Skin Cycling: The newest trend in skin care, and how to do it
What is skin cycling? You may have seen it on TikTok, you may have also seen a lovely blonde New York dermatologist named Dr. Whitney Bowe coin the phrase and introduce some incredible science-backed results with this routine – we’re here to break it all down, and you’re definitely going to want to try this one out.
Skin cycling has become one of the newest phenomena in the skin care industry, and likely has your dermatologist's stamp of approval. Essentially, it refers to using certain products on certain nights to help get the most out of your products, specifically retinoid and exfoliant treatments. Skin cycling is primarily concerned about your nighttime skincare routine, and contains an exfoliation night, a retinoid night, followed by two days of skin “recovery” which rely on hydration packed products to restore and repair the skin barrier after nights 1 and 2.
What are the benefits? Treating your skin to periodic rest days from active ingredients not only allows the skin barrier to repair and strengthen itself, but it also reinforces our natural microbiome, which is the living ecosystem within our face that balances, controls and regulates the way our skin looks, feels, and ages. It balances nourishment of the skin alongside cell turnover from retinols and exfoliants for a harmonic balance of healthy skin.
Who should try skin cycling? Your skin is quick to pick up on changes you are making, so if you’re feeling that your skincare routine has hit a “plateau”, and you are struggling to achieve that fresh faced, healthy glow you are after, skin cycling could be your missing piece.
Skin cycling is a great way for those with sensitive or rosacea prone skin to enjoy the benefits of cell turnover-based products, with far less chance of a reaction. Because of the decreased usage of active ingredient products throughout this period, the skin can better acclimate to these ingredients, whereas nightly use might not be ideal for all skin types. Skin cycling is also a great way to introduce retinol to your skin if it is a new product in your routine. It will help prevent the typical “purging” which can be associated with first time retinol users, which can range from dryness, redness or temporary acne when going full throttle with retinoids right away.
Night 1: Exfoliation
The first night of your skin cycle is where you will rely on an exfoliant to begin the cell turnover process, and this will get your skin set up perfectly for night 2, which will further promote the cell turnover and collagen synthesis with retinol. The rest of your skin care should still consist of a cleanser, toner, hydrating serums like our Truly Hydrating Hyaluronic Acid, and a cream, like our Truly Moisturizing Face Cream.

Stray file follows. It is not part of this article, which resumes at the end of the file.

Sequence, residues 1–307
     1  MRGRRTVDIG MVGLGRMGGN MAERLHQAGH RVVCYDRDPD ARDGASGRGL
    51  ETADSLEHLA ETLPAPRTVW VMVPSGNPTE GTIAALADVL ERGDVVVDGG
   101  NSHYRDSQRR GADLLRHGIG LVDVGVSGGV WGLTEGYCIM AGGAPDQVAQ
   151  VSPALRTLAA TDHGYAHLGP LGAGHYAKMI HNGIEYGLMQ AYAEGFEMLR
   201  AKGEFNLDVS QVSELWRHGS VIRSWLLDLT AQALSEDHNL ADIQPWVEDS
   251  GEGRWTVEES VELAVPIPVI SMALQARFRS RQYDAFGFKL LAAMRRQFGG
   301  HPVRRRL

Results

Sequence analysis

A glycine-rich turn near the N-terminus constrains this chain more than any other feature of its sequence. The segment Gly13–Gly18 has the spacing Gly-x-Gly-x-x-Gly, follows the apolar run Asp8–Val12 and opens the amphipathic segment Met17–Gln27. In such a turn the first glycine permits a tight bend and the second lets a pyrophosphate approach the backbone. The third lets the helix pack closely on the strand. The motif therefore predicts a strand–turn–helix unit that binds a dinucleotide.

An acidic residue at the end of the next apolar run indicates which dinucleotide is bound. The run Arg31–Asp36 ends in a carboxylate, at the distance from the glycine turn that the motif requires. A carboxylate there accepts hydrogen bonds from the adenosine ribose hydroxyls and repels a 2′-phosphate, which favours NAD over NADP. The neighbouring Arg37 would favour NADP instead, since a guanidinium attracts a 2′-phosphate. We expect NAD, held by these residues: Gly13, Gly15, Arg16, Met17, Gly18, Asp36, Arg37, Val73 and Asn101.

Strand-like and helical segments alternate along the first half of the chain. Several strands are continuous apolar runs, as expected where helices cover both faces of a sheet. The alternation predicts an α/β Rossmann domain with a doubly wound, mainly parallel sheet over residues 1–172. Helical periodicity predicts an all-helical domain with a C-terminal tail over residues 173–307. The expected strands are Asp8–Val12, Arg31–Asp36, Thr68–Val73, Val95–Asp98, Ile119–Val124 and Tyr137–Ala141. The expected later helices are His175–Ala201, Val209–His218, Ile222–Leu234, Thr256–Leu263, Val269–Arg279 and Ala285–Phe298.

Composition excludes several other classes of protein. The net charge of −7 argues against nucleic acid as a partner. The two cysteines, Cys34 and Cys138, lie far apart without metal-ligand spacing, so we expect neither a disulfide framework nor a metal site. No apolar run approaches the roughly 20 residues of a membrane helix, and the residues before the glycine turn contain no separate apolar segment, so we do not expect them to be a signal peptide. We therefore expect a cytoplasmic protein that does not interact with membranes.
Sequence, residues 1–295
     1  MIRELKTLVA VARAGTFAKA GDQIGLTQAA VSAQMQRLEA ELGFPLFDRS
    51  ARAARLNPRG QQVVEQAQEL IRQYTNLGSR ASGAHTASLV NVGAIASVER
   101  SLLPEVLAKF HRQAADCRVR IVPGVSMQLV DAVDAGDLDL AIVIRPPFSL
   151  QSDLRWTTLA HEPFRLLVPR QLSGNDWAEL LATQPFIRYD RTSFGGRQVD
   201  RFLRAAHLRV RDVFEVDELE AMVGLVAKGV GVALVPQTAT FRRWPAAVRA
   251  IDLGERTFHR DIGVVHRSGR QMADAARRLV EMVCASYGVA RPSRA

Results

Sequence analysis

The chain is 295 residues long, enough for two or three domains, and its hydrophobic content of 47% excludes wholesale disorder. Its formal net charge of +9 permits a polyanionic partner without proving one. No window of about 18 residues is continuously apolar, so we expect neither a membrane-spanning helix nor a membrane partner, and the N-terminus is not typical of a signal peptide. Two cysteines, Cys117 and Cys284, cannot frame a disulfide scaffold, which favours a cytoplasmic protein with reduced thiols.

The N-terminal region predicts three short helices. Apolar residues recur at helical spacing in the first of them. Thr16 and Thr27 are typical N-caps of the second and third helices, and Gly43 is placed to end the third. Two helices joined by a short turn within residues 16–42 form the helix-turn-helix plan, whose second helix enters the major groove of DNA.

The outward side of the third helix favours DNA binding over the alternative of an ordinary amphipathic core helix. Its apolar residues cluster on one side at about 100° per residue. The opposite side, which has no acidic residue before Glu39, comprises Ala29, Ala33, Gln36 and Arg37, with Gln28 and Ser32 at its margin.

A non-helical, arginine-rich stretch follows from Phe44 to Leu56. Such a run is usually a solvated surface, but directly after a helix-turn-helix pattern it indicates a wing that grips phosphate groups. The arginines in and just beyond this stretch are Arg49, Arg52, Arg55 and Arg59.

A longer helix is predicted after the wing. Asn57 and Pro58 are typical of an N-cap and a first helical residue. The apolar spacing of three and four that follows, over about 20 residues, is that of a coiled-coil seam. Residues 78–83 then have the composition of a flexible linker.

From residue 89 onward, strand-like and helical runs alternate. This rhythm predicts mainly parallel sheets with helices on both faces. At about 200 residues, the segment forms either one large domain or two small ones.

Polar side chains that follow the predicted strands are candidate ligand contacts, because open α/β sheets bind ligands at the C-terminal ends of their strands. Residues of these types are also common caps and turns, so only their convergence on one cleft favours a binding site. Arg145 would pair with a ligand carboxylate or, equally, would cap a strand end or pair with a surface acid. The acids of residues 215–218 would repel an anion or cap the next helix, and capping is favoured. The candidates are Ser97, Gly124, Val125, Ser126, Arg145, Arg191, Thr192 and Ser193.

Night 2: Retinoids
The second night of your routine is where you will apply your Truly Ageless 1% Retinol serum. Retinol is considered one of the most effective ingredients you can use for your skin, as it can penetrate more deeply than other products, rejuvenating your skin from the deepest layers to its surface. You’ll want to skip out on any chemical or physical exfoliants tonight. Just like night 1, the rest of your skin care should still consist of a cleanser, toner, hydrating serums like our Truly Hydrating Hyaluronic Acid, and a cream, like our Truly Moisturizing Face Cream.
Nights 3 & 4: Recovery
The next two nights are focussed on restoring the skin’s moisture barrier after two intense nights of exfoliation and retinol application back-to-back. This routine should consist of your most hydrating serums, oils, and avoid any active ingredients for the next two days. This will help reset the skin for the next skin cycle, which will begin the exfoliation process all over again. Recovery days are also easier on the skin’s natural pH, and help strengthen our microbiomes, remove toxins, and produce radiant, healthy skin.
Skin cycling, advanced mode: You didn’t think we were done, did you? You might be a seasoned retinol pro and want to try skin cycling without minimizing your active ingredient use. In this case, you would simply increase your retinol days. Instead of having a 4-day skin cycle, you might have 5, or 6. For example, 1 exfoliation night, followed by 2, or 3 retinol nights, followed by 2 rest days, and back to the top!
The take-away: Skin cycling is an opportunity for those finding they have hit a wall with their skincare routine to shake things up by giving the skin a new schedule and promote a healthy skin barrier. When our skin is happily cycling, it becomes a thriving ecosystem and helps regulate our oil production, minimize harmful bacteria, retain moisture, and balance pH. The “beginner mode” 4-day skin cycling routine is ideal if you’ve ever considered your skin too sensitive for active ingredient formulas but want to harness the benefits of actives like retinol and chemical exfoliants. Rosacea havers will also enjoy being able to use powerful ingredients while not aggravating the skin and causing more damage.
Written by Jade Leeners
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